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Thread: Best DIY gun finish?

  1. #1

    Best DIY gun finish?

    I'd like to try to refinish an AR upper and lower with either Brownell's Gun Kote or their Teflon-Moly finish. Anybody have experience with these products? Any advice on prep and application would be appreciated, too.

    There's only one auto body shop in town, and they may not want to do any parts bead blasting for me. Would the finished product look like total shit if I sanded instead of blasted?

  2. #2
    Quote Originally Posted by Uncle Scary View Post
    I'd like to try to refinish an AR upper and lower with either Brownell's Gun Kote or their Teflon-Moly finish. Anybody have experience with these products? Any advice on prep and application would be appreciated, too.

    There's only one auto body shop in town, and they may not want to do any parts bead blasting for me. Would the finished product look like total shit if I sanded instead of blasted?
    No experience with the products you are asking about.
    But....
    I did just refinish my AK.

    I used paint stripper, a wire brush in the end of a drill and sand paper.
    No.
    It did not hurt the rifle.
    The slightly rough surface helped the new finish stick a whole lot better.

    After the rifle was stripped, I wiped it down with acetone.
    Then I heated it in the oven for about an hour @ 400*
    That made the oil come out from all the nooks and crannies.
    Wipe it down again.

    Then I painted it.
    Baked the paint.
    It came out beautiful.

  3. #3
    Quote Originally Posted by swampdragon View Post
    I did just refinish my AK.
    It came out beautiful.
    Well, let's see some photos of your AK. What type of paint did you use? I hear that brake cleaner works as well as acetone for degreasing.

    A guy named Nutnfancy did a youtube video where he refinished a rifle with duracoat after roughing up the surface with 400 grit sandpaper. The end results looked good.

  4. #4
    Quote Originally Posted by swampdragon View Post
    After the rifle was stripped, I wiped it down with acetone.

    I can paint vehicles and a clean oil free surface is essential. Using acetone to clean it was a good idea.. Did you get a good buzz? lol

    Quote Originally Posted by swampdragon View Post
    It came out beautiful.


    Where are the pictures???




  5. #5
    Photos Swampy, photos. lol.

    After I finish my AR project, I'll post some photos (no matter what it looks like). Right now, all I have is a Spike's stripped lower. I'm going to fill it with a Spike's enhanced lower parts kit. The upper will be a RRA Coyote 20" with 1/9 barrel.

  6. #6
    Quote Originally Posted by Uncle Scary View Post
    Well, let's see some photos of your AK. What type of paint did you use? I hear that brake cleaner works as well as acetone for degreasing.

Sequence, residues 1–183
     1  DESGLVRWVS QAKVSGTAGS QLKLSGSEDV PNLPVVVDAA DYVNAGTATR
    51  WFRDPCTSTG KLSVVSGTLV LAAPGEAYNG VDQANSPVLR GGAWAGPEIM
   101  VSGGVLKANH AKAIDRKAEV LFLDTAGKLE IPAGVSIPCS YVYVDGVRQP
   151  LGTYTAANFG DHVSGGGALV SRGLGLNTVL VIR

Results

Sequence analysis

A guy named Nutnfancy did a youtube video where he refinished a rifle with duracoat after roughing up the surface with 400 grit sandpaper. The end results looked good.
    Maybe Santa will bring me a digital camera for Christmas or something.
    Right now I don't have one.
    Sorry....lol

    However.......I have an experiment for you to try, and it will only cost you $5

    Go to any nearby store and pick up one spray can of: RUST-OLEUM "STOPS RUST" PROTECTIVE ENAMEL

    Pick an old gun part that you don't really care about either way.
    Clean it really well like I described above.
    Paint it with the RUST-OLEUM and let it dry.
    Then place it in a cheapo pie tin or on foil or something a put it in the oven.
    Bake it for an hour or more @ 400*-450* or so.
    Let it cool for about an hour afterward.
    Pull it out and examine it.
    I promise you it will be just as nice and just as tough, if not even tougher, than the vast majority of factory paint jobs that many rifles already come with.
    You will truly be amazed.
    I'm serious.

    Let me know how your experimental part comes out.
    You'll like it.
    The baking process makes a whole world of HUGE difference.

    EDIT: I used RUST-OLEUM "Flat Black" by the way, but you can pick semi-flat or matte or semi-gloss or whatever you like.
    Last edited by swampdragon; 11-21-2010 at 03:22 PM.

  7. #7
    Quote Originally Posted by swampdragon View Post
    Maybe Santa will bring me a digital camera for Christmas or something.
    Right now I don't have one.
    Sorry....lol

    However.......I have an experiment for you to try, and it will only cost you $5

    Go to any nearby store and pick up one spray can of: RUST-OLEUM "STOPS RUST" PROTECTIVE ENAMEL

    Pick an old gun part that you don't really care about either way.
    Clean it really well like I described above.
    Paint it with the RUST-OLEUM and let it dry.
    Then place it in a cheapo pie tin or on foil or something a put it in the oven.
    Bake it for an hour or more @ 400*-450* or so.
    Let it cool for about an hour afterward.
    Pull it out and examine it.
    I promise you it will be just as nice and just as tough, if not even tougher, than the vast majority of factory paint jobs that many rifles already come with.
    You will truly be amazed.
    I'm serious.

    Let me know how your experimental part comes out.
    You'll like it.
    The baking process makes a whole world of HUGE difference.

    EDIT: I used RUST-OLEUM "Flat Black" by the way, but you can pick semi-flat or matte or semi-gloss or whatever you like.
    I used to do the exact same thing with my entrenching tool when I was in the army. After using it in the field I would come home, clean it up, paint it and bake it. Looked like new for the next inspection.

  8. #8
    Senior Member abpt1's Avatar

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    I like the black oxide Duracoat .

  9. #9
    Senior Member Oswald Bastable's Avatar

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    Quote Originally Posted by swampdragon View Post
    After the rifle was stripped, I wiped it down with acetone.
    Personally, I prefer lacquer thinner for this step. But that's after 10 years experience as a professional electrostatic painter.